You remember Brené Brown’s talk The power of vulnerability. While she studied how people do worthiness, she found out several things they had in common, one being their willingness to embrace their vulnerabilities. Behind embracing vulnerabilities, there is this idea of being ready to look at weaknesses straight into their eyes, in order to address them and turn them into allies. You’re right, this is a step toward authenticity and autonomy: you get to really know who you are, preventing the possibility to be tripping over something about you that is not helpful. In fact, steps by step, you are simply becoming your best partner.
One of the biggest strengths of a speaker is to embrace vulnerabilities; especially this vulnerability created by the fact of expressing oneself in front of people and this feeling of being all over naked whatever the amount of clothes you are wearing.
You have opened the door to being visible, observed, criticised, appreciated, looked for, etc. and on top of that, you are staying there standing on the threshold. Yes, it is scary to speak in front of other (at least at the beginning). It can actually be nerve-racking, and it’s as well fascinating, extremely satisfying and great fun.
We have seen previously, speeches are not just words on pieces of paper or scripts… speeches are living organisms, and what makes a great speech is the combination as a system of: the speaker, the speech, the audience, the context. It’s a system! One thing we know about system –thanks to Physics- is that “in a system, the most flexible element will in fact control the system”. What does that mean for us, individuals? In order to control the system, that is the positive output of our speech, as a speaker we have to be the most flexible element of that system.
We have to relinquish control of the exact moment, to rather control our adaptability in regards to our audience.
This means focusing on controlling our own reactions. And I have for you 10 tips to develop this self-control and flexibility; actually 11 tips, the last one being: practice these 10 tips regularly that they can become unconscious competences, like an innate talent.
ONE – Know your breathing rhythm. For this, start by observing your spontaneous rhythm; identify how it changes at times; explore how you can voluntarily change it and develop it. You can start by exploring the notion of “Coherence Cardiac” as done with our post Exercise: exploring voice language.
TWO – Learn to be in the moment. Our primary way to receive information is through our senses. Start by going back to basics, that is the observation of sensory information, note what you see, hear, smell, feel, taste. To help you, you can explore the concept of Mindfulness.
THREE – Explore the range of your capabilities. When practicing, truly explore the range of your capabilities with your voice and your body language; only then your body develop true flexibility in your physical presence. Start with our posts, Exercise: exploring voice language and Exercise: exploring body language.
FOUR – Explore the world of emotions. When practicing, enjoy exploring emotions one after the other, such as anger, fear, trust, love, compassion, impatience, joy; use your voice, body and choice of language to express the emotions. This will also develop your physical presence and power of connection with the audience.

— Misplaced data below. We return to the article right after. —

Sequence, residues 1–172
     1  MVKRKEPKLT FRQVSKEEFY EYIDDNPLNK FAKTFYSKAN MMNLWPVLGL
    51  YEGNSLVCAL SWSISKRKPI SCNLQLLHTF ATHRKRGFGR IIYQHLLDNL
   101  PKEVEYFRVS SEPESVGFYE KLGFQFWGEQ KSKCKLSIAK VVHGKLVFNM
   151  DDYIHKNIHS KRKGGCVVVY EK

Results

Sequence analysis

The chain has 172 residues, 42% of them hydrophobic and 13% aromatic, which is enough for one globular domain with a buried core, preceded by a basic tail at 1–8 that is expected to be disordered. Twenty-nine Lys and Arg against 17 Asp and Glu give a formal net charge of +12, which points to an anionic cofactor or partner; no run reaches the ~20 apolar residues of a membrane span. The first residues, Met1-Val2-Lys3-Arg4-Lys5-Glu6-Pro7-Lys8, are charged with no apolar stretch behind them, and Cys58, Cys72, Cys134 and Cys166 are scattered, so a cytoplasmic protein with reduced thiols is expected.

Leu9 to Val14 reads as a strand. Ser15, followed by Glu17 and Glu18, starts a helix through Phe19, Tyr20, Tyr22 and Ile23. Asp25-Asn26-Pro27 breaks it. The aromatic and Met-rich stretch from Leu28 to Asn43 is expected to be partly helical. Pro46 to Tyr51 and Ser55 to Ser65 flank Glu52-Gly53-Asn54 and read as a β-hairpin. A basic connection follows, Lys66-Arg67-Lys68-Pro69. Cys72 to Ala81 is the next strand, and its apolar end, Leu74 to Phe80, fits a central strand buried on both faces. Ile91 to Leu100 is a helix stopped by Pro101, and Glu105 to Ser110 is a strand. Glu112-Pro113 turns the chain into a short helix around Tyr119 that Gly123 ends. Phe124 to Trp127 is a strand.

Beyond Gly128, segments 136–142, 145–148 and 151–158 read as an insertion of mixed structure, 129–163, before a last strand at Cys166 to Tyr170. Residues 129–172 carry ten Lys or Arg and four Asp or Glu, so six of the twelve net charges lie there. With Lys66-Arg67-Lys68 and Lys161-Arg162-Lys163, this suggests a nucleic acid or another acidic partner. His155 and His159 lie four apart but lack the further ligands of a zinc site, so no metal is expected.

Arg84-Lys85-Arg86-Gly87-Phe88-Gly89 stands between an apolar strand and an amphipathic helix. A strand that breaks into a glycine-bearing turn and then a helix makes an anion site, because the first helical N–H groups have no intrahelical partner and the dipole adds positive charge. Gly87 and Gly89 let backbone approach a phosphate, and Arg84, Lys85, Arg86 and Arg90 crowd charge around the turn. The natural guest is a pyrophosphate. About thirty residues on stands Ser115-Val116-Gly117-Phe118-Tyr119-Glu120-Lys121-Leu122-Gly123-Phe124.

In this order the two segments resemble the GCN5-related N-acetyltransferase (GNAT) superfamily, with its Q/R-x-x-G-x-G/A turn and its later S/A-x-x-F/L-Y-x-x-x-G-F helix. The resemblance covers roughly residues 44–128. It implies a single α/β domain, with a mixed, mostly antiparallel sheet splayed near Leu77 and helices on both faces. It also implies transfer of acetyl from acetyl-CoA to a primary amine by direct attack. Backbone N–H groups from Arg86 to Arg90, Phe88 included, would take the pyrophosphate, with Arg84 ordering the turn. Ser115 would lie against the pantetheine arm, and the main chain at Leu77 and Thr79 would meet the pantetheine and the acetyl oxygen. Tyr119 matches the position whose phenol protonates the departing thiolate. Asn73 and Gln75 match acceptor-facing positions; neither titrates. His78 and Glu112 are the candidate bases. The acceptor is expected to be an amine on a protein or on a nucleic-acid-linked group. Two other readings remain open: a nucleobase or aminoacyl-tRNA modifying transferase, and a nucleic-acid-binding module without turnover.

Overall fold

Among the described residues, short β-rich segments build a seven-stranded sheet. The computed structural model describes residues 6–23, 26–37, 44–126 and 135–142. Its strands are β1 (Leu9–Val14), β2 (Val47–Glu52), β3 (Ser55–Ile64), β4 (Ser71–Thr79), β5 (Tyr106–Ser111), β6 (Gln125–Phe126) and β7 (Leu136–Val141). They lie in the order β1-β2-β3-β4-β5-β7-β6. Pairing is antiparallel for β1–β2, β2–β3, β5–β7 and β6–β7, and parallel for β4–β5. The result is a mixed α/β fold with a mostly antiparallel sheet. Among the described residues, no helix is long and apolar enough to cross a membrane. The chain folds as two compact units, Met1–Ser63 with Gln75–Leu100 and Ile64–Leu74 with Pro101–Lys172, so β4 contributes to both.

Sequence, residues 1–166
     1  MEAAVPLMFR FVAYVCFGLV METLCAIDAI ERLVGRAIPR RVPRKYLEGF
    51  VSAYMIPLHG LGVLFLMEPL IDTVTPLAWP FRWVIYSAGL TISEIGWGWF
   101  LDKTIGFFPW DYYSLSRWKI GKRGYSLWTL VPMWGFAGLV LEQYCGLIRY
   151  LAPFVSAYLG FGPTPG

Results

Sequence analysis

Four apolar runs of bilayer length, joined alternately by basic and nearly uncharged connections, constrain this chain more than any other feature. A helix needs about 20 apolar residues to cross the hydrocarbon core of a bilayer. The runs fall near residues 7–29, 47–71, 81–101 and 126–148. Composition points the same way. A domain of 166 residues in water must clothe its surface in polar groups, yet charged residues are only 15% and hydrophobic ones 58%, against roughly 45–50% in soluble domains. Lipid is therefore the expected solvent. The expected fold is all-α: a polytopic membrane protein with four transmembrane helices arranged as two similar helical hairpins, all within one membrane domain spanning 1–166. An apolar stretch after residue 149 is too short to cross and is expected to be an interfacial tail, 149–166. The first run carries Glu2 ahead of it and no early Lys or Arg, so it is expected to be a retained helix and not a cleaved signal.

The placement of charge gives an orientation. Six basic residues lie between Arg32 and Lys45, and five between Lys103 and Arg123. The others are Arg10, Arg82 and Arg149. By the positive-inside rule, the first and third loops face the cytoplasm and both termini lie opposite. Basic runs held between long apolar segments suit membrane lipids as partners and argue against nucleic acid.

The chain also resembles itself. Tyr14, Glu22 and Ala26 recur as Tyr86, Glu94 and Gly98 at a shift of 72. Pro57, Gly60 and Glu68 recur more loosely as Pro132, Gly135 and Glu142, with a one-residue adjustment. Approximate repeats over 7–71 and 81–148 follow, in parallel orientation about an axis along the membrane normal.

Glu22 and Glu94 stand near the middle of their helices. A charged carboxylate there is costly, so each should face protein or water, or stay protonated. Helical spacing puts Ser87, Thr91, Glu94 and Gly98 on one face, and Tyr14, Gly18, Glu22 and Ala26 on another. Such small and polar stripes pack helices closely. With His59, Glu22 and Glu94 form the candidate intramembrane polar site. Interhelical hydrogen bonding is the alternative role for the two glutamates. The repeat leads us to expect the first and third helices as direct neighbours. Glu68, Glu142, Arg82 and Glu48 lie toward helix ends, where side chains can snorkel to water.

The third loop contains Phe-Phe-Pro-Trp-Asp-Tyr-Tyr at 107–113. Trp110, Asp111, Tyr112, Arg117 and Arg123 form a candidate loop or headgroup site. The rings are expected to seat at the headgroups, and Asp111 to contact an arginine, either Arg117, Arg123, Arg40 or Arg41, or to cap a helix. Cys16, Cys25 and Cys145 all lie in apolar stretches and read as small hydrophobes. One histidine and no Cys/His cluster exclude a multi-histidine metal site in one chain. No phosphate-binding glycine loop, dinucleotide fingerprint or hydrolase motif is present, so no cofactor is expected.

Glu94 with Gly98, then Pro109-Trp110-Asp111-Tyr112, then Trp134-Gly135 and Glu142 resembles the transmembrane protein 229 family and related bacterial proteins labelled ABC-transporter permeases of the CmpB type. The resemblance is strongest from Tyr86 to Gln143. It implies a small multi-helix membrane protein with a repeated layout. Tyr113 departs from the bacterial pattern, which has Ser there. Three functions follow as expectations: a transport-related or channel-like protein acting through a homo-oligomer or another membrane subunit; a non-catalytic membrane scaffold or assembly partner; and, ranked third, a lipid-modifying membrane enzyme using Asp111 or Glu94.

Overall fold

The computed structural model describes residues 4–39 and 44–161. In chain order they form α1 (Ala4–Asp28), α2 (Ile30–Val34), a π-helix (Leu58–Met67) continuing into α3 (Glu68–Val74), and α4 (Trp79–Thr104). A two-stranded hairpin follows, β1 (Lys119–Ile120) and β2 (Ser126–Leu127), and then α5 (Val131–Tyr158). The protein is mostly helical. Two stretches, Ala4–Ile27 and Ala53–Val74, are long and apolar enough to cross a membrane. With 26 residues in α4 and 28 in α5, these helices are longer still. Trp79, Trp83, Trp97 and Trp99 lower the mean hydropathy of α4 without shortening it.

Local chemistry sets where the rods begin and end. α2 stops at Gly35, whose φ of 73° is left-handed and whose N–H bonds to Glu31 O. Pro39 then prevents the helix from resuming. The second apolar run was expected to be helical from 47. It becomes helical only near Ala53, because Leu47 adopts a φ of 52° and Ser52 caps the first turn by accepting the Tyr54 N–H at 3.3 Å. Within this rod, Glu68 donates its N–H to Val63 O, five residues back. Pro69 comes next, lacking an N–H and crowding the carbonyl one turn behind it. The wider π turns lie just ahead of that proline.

FIVE – Know your content. Know your content so well that you will in fact forgot you know it and speak spontaneously from inside –your heart and passion. For this rehearse as often as you need and especially “as if”; do record yourself and listen to your recording, becoming your first audience.
SIX – Visualise the outcome you want to create. Rehearsing a speech can be done via visualisation; with such exercise take the time to incorporate sensory information –What will you feel? See? Hear? Smell? Taste? And visualise the positive outcome you want to create.
SEVEN – Acknowledge existing emotions. And yes this starts with recognizing which one is here, either in us or around us. For this start by observing, observing changes in your perception with your sense –Does it feel hot? Am I speaking faster? Once you have acquired self-awareness, it’s easier to develop others/audience-awareness.
EIGHT – Use the power of reframing, especially the power of reframing feelings. Until now we have loosely used the word emotion, however there is a difference between emotion and feeling. Emotion describes the physiological effects, e.g. heart bit going faster, hands sweaty, legs shaking; while the feeling describes the cognitive interpretation of the emotion. When reframing feelings we go back to the emotion, and revisit the cognitive interpretation.
NINE – Learn to listen, especially listen to your audience. Every public interaction, a speech or anything else, is in fact a conversation, and your audience wants to be heard. Start by showing you care; give them time to breath with you; and enjoy the conversation.
TEN – Bring humour into the picture; and an easy way to bring humour is to start by laughing about ourselves. Make fun about ourselves give us an incredible power; it makes us reachable as normal human being, and it protects us. We want to be serious about our subject, our audience; however it does not mean to take ourselves seriously. I can only conclude with Oscar Wilde’s comment ‘Life is far too important a thing ever to talk seriously about it.’
Paradoxes are good fun, and another one I really like is “The less we control, the more we control”. The more you explore public interactions, the more you will enjoy this last one, and the more you will see it applies to many situations in life.
See you tomorrow with our next episode “Using our 10 tips to prepare for meetings”.
You like our blog series, Speak like a Fish, exploring public speaking in 21 days. Join us then early 2017 and discover our eBook Speak like a Fish, 30 days to crack the aquarium.